Spangly

Watching Ron Jackson’s pair of Wood Sandpipers at Marshside as the evening light faded was as good a way to end the day as any.

The birds were feeding away in the channel and pool in the extreme north east corner of Rimmer’s Marsh.

Dainty, bubble-headed and spangly as they always are.

A shame to get mud and gloop on those long spindly legs…

I shot a video, which I apologise for in advance – far better to seek out Ron’s professional footage rather than my wind-blasted, shaky blurs on YouTube.

Sorry Ron.

This corner of the marsh really is on form at present, with up to 40 White Wagtails carpetting the damper areas, and one fine Yellow Wagtail in tow, at least three of the four Little Ringed Plovers, and of course 20+ Ruff of all colour combinations, generally wigging out, puffing up and dashing at the diminutive Reeves with them.

A few Swifts scorched through and Whitethroats squawked from the hawthorns behind us (who can remember when we planted them?)

Double survey duty at the marsh earlier in the day on the seaward stretch between Hesketh and Marshside Road.

Early doors sesh included a Whimbrel heading north, four Wheatear and possibly two Cetti’s Warblers north of Nels, although the original there does tend to range about a bit.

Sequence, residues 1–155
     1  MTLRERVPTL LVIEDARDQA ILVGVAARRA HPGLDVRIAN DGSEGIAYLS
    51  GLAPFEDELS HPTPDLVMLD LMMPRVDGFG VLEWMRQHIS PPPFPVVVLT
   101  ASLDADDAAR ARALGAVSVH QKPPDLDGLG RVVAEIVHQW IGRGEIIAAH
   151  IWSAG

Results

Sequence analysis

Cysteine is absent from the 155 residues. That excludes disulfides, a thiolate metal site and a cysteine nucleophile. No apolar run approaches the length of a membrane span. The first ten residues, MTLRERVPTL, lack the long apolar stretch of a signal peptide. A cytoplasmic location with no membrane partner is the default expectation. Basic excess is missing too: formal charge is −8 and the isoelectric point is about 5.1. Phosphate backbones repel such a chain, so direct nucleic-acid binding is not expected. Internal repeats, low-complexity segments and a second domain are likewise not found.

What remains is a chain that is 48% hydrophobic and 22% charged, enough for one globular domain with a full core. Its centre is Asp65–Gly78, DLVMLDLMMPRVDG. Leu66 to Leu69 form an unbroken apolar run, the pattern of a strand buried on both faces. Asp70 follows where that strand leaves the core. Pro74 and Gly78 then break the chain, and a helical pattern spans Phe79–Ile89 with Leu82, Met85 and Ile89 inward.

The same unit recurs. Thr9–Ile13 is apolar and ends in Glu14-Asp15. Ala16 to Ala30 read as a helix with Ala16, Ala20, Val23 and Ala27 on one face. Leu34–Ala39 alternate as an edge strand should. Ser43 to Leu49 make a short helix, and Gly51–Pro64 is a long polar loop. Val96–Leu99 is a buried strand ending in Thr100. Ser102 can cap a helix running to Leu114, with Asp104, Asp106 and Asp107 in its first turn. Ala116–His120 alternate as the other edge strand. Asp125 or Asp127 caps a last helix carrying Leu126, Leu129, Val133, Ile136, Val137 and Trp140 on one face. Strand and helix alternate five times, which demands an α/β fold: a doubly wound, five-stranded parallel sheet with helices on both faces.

Over the high tide at lunchtime a drake Eider steamed north over the haul road, 47 Swifts passed my position in the Sandplant car park over an hour and a half (1130-1300), and they were joined by 33 Swallows, 11 House Martin and 12 Sand Martin.

There were probably more.

Up at Crossens Outer the first winter Russian Whitefront was with thousands of Pinks pushed close to the road by the tide, but I didn’t have the time to work through them all – a shame as I’m sure there were other gems in there.

30 odd Grey Plover, some in full summer plumage dropped in to roost.